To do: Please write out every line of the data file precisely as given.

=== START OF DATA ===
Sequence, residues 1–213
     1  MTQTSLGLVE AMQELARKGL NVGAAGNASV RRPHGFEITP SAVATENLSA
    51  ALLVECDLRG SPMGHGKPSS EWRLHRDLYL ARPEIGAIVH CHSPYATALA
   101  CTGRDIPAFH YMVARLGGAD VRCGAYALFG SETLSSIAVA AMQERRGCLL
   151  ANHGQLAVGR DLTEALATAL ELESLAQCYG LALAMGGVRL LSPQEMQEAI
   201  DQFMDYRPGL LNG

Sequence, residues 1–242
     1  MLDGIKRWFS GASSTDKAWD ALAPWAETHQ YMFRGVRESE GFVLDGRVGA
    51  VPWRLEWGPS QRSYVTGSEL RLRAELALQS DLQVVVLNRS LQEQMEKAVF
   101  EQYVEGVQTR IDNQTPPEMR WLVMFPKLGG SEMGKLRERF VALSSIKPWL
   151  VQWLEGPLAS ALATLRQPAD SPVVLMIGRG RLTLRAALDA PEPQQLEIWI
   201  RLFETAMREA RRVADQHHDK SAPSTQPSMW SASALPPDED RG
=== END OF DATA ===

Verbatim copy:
Sequence, residues 1–213
     1  MTQTSLGLVE AMQELARKGL NVGAAGNASV RRPHGFEITP SAVATENLSA
    51  ALLVECDLRG SPMGHGKPSS EWRLHRDLYL ARPEIGAIVH CHSPYATALA
   101  CTGRDIPAFH YMVARLGGAD VRCGAYALFG SETLSSIAVA AMQERRGCLL
   151  ANHGQLAVGR DLTEALATAL ELESLAQCYG LALAMGGVRL LSPQEMQEAI
   201  DQFMDYRPGL LNG

Sequence, residues 1–242
     1  MLDGIKRWFS GASSTDKAWD ALAPWAETHQ YMFRGVRESE GFVLDGRVGA
    51  VPWRLEWGPS QRSYVTGSEL RLRAELALQS DLQVVVLNRS LQEQMEKAVF
   101  EQYVEGVQTR IDNQTPPEMR WLVMFPKLGG SEMGKLRERF VALSSIKPWL
   151  VQWLEGPLAS ALATLRQPAD SPVVLMIGRG RLTLRAALDA PEPQQLEIWI
   201  RLFETAMREA RRVADQHHDK SAPSTQPSMW SASALPPDED RG